Anna Deavere Smith – “Snapshots: Portraits of a World in Transition”— Feb. 18-19, 2015, Lied Center Auditorium

Anna Deavere Smith's ground-breaking solo shows blur the lines between theater and journalism, using text from real-life encounters to create gripping portraits of subjects as diverse as author Studs Terkel, a female convict, a Korean shopkeeper and a bull rider. Prizes she has won include a MacArthur fellowship, the Dorothy and Lillian Gish Award, two Tony nominations and two Obies. She was runner-up for the Pulitzer Prize for her play “Fires in the Mirror.” She has created more than 15 one-person shows based on hundreds of interviews, most of which deal with social issues. “Twilight Los Angeles,” about the Los Angeles race riots of 1992, was performed around the country and on Broadway. Her most recent one-person show, “Let Me Down Easy,” focused on health care in the United States. She has also starred in "Nurse Jackie," "The West Wing," "The American President," "Rachel Getting Married" and "Philadelphia," among numerous other roles.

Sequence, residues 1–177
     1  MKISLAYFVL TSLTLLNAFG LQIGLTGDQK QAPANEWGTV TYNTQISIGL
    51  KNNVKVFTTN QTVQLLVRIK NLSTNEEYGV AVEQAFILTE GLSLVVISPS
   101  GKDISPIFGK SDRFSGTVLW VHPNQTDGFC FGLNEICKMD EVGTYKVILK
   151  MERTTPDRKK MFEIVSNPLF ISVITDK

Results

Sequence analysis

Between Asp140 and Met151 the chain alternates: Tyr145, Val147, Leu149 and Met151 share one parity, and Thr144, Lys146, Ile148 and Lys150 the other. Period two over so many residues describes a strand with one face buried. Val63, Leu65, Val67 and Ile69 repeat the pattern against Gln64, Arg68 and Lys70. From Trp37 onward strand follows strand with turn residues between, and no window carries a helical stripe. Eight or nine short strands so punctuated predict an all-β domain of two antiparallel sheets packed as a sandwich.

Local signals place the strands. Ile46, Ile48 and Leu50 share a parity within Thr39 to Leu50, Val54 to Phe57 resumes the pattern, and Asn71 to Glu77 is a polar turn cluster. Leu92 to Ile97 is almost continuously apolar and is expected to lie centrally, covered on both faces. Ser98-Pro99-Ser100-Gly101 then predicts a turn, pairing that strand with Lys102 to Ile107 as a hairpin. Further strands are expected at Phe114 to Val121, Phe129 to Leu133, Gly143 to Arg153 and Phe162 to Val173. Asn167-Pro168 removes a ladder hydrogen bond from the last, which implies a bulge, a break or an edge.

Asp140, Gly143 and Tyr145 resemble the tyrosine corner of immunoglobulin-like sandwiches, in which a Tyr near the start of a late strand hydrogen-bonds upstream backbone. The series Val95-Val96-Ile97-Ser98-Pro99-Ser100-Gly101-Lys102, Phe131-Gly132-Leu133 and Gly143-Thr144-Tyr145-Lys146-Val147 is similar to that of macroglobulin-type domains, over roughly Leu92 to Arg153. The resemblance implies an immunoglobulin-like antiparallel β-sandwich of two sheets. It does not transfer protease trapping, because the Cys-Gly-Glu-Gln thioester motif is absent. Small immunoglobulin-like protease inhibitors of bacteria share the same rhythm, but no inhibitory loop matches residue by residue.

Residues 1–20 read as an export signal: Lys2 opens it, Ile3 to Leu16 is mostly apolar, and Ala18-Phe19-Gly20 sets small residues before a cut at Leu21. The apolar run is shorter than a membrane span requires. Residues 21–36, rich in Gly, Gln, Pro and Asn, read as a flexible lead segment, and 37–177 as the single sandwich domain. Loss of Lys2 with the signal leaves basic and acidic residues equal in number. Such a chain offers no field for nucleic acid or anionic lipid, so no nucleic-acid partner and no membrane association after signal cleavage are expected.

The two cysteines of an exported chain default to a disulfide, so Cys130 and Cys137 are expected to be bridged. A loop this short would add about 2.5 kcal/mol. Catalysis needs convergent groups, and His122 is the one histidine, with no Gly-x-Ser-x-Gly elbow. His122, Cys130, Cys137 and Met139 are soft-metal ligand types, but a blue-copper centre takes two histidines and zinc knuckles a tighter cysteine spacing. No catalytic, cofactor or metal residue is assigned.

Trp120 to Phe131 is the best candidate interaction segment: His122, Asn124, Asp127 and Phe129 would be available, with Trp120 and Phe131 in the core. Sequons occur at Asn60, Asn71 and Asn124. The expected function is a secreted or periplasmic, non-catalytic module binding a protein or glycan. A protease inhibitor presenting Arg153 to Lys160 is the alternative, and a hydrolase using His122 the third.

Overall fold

Natasha Trethewey – “An Evening with U.S. Poet Laureate Natasha Trethewey" — March 3-4, 2015, Woodruff Auditorium, Kansas Union